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Mark D. Powell
Stephen K. Rinard


A team of meteorologists from the United States, Canada, and Australia provided marine weather support to the sailing events of the 1996 Centennial Olympic Games, held in Wassaw Sound near Savannah, Georgia. The team conducted research on the weather and climate and developed a set of forecast products designed to inform athletes, volunteers, and race managers of the wind, tidal current, wave, and weather behavior expected each day during the pre-Olympic and Olympic periods. The Olympic period proved to be a challenge with thunderstorms delaying, abandoning, or postponing races on half of the days. Thunderstorm development and movement was linked to the timing and strength of the sea breeze as well as the direction and speed of the gradient wind. Numerous thunderstorm warnings were issued with the assistance of the WSR-88D radar and the Warning Decision Support System. Frequent lightning was a legitimate safety concern due to the long distances between race courses and lack of suitable shelter; fortunately no one was injured during the lightning episodes. Forecasters benefited from access to a variety of monitoring tools and models including real-time Olympic buoy wind and current time series displays; satellite and radar imagery animation; 2-, 8-, and 10-km resolution mesoscale models; a live video feed of race coverage; and communications with forecasters aboard patrol craft offshore. Official wind forecasts, mesoscale models, and a simple vector addition model performed better than climatology and persistence as defined by mean vector error and rms wind direction error. Climatology was difficult to beat on the basis of wind speed error.

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Lans P. Rothfusz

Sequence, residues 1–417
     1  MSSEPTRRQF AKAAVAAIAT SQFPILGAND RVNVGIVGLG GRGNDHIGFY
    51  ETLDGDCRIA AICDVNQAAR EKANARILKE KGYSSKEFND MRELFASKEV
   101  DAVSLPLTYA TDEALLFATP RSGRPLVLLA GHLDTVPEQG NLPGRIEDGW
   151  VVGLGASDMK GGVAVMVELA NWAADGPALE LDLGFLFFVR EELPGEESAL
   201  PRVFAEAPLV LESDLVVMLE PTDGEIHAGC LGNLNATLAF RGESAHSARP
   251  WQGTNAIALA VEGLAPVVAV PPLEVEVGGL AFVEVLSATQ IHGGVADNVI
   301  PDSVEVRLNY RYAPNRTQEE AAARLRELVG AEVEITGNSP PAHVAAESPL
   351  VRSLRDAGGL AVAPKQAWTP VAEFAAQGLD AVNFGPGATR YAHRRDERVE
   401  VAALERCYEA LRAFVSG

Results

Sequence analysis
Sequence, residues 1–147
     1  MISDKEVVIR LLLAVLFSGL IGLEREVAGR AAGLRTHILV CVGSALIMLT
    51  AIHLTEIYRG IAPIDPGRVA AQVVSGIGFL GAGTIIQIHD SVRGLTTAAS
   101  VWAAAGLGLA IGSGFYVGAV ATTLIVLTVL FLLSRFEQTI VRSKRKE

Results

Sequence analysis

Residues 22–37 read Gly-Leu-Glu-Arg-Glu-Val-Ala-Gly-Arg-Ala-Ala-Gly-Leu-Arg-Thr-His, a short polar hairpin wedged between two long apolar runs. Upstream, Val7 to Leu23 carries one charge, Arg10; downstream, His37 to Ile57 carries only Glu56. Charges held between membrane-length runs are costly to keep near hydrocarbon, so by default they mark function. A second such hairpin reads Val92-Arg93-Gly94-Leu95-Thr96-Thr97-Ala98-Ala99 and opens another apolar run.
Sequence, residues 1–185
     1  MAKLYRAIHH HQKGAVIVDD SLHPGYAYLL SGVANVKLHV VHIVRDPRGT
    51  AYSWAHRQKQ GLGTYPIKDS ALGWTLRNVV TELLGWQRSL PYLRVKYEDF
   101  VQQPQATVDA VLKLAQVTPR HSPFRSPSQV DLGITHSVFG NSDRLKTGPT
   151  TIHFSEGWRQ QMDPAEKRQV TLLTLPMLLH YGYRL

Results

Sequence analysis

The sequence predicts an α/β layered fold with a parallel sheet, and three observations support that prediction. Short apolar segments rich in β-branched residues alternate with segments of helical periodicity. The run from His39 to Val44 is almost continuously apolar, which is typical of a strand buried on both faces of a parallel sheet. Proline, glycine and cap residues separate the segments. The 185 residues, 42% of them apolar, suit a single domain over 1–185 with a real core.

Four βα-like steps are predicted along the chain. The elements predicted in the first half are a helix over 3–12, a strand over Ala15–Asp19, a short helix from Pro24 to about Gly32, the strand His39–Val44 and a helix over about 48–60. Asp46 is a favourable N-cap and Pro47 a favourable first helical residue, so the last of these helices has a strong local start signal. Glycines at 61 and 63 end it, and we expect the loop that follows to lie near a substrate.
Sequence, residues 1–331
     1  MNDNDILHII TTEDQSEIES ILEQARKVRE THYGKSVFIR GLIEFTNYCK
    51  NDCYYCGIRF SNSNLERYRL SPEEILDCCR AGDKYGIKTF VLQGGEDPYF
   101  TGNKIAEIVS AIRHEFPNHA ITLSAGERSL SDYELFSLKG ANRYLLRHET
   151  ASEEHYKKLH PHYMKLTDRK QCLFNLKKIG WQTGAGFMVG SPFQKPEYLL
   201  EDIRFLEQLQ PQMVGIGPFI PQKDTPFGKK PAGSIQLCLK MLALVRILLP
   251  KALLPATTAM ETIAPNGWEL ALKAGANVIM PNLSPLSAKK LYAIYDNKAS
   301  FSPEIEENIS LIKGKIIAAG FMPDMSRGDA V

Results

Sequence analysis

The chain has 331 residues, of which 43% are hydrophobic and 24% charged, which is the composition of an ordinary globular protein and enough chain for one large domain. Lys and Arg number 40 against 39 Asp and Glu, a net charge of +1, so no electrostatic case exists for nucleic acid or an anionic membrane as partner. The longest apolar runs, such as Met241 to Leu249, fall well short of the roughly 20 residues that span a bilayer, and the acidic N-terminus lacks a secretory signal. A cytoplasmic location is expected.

Melvin R. McLaughlin
, and
Stephen K. Rinard

The 1996 Centennial Olympic Games in Atlanta, Georgia, received weather support from the National Weather Service (NWS). The mandate to provide this support gave the NWS an unprecedented opportunity to employ in an operational setting several tools and practices similar to those planned for the “modernized” era of the NWS. The project also provided a glimpse of technology and practices not planned for the NWS modernization, but that might be valuable in the future. The underlying purpose of the project was to protect the life and property of the two million spectators, athletes, volunteers, and officials visiting and/or participating in the games. While there is no way to accurately account for lives and property that were protected by the NWS support, the absence of weather-related deaths, significant injuries, and damaged property during the games despite an almost daily occurrence of thunderstorms, high temperatures, and/or rain indicates that the project was a success. In fact, popular perception held that weather had no effect on the games. The 2000+ weather bulletins issued during the 6-week support period suggest otherwise. The authors describe the many facets of this demanding and successful project, with special attention given to aspects related to operational forecasting. A postproject survey completed by the Olympics forecasters, feedback provided by weather support customers, and experiences of the management team provide the bases for project observations and recommendations for future operational forecasting activities.

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